There's a fine line between creativity and madness, according to a paper appearing in Nature Neuroscience this week. Researchers from Amgen's DeCode Genetics and their colleagues report that high scores on polygenic risk assessment tests for bipolar disorder and schizophrenia are also correlated with creativity.
DeCode's Kari Stefansson and his colleagues generated polygenic risk scores for both schizophrenia and bipolar disorder, which they then applied to a cohort of 86,292 Icelanders. While high scores on those tests correlated with disease incidence in Icelanders, they also were associated with creativity, as determined by membership in a national society for actors, dancers, musicians, visual artists, or writers.
"Often, when people are creating something new, they end up straddling between sanity and insanity," Stefansson tells the Guardian. "I think these results support the old concept of the mad genius. Creativity is a quality that has given us Mozart, Bach, Van Gogh. It's a quality that is very important for our society. But it comes at a risk to the individual, and 1 [percent] of the population pays the price for it."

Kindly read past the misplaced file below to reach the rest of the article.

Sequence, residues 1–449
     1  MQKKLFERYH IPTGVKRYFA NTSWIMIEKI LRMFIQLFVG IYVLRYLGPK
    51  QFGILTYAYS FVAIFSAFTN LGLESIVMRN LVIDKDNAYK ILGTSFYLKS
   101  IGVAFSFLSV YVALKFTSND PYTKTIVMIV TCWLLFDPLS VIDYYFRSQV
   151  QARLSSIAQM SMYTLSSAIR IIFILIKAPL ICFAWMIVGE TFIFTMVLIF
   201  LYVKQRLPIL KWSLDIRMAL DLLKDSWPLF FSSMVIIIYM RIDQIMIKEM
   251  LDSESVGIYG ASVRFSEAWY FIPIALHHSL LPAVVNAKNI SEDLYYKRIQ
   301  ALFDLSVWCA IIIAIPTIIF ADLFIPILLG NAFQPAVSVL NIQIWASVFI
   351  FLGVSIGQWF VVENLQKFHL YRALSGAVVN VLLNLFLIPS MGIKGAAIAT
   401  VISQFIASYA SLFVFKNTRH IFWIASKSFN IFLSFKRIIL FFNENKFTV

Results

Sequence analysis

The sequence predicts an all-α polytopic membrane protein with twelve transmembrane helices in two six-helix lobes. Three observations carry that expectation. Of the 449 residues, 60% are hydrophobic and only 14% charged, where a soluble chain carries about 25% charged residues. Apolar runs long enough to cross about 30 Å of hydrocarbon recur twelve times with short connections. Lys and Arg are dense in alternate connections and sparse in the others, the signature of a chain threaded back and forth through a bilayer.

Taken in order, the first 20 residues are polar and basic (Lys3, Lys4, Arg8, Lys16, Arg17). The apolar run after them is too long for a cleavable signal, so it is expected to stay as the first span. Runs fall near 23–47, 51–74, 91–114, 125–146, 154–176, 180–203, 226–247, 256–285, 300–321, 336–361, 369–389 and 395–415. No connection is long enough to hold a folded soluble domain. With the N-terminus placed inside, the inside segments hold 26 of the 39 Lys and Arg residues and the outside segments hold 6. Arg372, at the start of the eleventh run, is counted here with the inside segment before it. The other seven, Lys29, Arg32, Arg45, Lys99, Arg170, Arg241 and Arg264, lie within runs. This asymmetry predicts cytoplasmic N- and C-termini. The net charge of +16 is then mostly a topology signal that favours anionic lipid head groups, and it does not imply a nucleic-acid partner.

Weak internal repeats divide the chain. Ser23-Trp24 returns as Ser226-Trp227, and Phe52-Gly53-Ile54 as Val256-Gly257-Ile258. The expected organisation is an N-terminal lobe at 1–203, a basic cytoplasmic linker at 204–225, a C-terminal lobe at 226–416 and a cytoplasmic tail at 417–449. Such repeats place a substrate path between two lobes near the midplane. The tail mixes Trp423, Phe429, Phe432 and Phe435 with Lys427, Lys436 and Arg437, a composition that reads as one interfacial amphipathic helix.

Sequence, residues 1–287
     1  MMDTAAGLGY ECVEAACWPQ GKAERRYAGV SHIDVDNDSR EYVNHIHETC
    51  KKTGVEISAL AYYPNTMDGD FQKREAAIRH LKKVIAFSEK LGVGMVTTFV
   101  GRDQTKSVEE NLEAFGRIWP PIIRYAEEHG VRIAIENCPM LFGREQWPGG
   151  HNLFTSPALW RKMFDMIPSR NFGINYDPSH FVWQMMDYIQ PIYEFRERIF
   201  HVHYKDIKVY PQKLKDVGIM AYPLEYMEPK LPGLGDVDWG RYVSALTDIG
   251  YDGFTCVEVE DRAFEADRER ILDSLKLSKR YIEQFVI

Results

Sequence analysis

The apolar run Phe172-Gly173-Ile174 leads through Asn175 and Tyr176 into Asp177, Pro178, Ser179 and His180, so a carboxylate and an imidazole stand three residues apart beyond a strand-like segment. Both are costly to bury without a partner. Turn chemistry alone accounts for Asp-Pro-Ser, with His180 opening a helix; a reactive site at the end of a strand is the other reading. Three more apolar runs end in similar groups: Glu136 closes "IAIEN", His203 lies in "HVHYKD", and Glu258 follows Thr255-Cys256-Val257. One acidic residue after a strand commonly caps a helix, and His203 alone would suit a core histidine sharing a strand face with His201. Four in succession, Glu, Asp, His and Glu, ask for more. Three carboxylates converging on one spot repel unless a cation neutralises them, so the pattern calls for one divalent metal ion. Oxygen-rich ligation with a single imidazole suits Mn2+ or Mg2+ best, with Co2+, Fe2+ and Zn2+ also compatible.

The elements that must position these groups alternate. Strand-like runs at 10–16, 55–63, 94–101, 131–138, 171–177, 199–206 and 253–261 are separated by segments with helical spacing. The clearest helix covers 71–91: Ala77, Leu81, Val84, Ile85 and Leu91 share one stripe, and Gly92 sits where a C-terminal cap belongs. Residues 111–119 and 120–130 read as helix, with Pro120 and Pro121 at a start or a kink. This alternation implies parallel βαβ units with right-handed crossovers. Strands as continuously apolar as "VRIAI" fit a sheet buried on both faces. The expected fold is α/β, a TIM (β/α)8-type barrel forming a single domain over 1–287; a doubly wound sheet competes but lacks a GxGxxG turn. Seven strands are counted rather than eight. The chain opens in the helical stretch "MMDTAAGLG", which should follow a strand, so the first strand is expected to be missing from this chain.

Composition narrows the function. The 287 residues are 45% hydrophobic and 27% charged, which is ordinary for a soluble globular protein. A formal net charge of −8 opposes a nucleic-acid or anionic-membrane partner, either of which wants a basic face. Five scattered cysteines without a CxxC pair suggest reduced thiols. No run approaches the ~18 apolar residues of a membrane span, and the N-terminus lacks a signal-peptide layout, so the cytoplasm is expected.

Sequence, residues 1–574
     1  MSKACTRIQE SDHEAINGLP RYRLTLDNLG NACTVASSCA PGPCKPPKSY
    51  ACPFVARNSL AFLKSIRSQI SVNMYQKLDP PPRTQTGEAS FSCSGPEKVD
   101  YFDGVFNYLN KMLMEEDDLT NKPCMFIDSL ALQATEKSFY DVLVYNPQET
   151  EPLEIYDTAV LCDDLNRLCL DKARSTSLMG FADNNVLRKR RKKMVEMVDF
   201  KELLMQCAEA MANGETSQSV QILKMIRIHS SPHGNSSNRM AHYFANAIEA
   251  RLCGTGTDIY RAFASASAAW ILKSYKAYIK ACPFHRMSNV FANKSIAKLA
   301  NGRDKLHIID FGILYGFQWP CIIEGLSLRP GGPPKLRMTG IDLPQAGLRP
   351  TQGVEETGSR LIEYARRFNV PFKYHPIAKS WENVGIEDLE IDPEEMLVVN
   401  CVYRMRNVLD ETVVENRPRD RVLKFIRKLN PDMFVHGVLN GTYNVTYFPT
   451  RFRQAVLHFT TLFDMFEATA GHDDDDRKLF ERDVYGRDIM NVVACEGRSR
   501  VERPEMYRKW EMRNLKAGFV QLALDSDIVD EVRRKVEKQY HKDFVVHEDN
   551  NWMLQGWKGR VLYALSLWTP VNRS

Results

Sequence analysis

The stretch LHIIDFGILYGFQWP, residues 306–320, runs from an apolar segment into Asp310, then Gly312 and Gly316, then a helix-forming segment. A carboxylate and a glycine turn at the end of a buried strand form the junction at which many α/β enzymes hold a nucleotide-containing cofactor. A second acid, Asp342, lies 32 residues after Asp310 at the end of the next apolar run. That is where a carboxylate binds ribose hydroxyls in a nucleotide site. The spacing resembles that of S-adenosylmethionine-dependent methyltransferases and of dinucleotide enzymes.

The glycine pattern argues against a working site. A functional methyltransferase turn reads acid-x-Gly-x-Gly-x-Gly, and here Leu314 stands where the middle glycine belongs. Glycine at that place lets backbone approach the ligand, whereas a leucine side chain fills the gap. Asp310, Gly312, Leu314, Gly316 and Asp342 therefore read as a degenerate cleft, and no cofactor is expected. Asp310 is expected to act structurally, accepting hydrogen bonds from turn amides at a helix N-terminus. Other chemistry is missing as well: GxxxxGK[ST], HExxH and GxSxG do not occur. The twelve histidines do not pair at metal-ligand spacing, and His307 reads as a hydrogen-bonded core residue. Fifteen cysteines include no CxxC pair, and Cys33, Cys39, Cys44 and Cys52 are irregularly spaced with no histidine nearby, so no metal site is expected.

Critics of the paper argue, though, that this effect only explains a small variation in people's creative tendencies. "If the distance between me, the least artistic person you are going to meet, and an actual artist is one mile, these variants appear to collectively explain 13 feet of the distance," Emory University's David Cutler says.
Further, Judith Schlesinger, a psychologist and author, tells the Verge that the researchers' choice to define creativity by occupation was convenient, though "scientifically hollow." It assumes, she adds, that there are no people employed as lawyers, for instance, who paint or play music in their spare time and that people who join creative societies are actually creative.
Still, Stefansson tells NPR that genes must be influencing creativity, though he admits they aren't the only thing.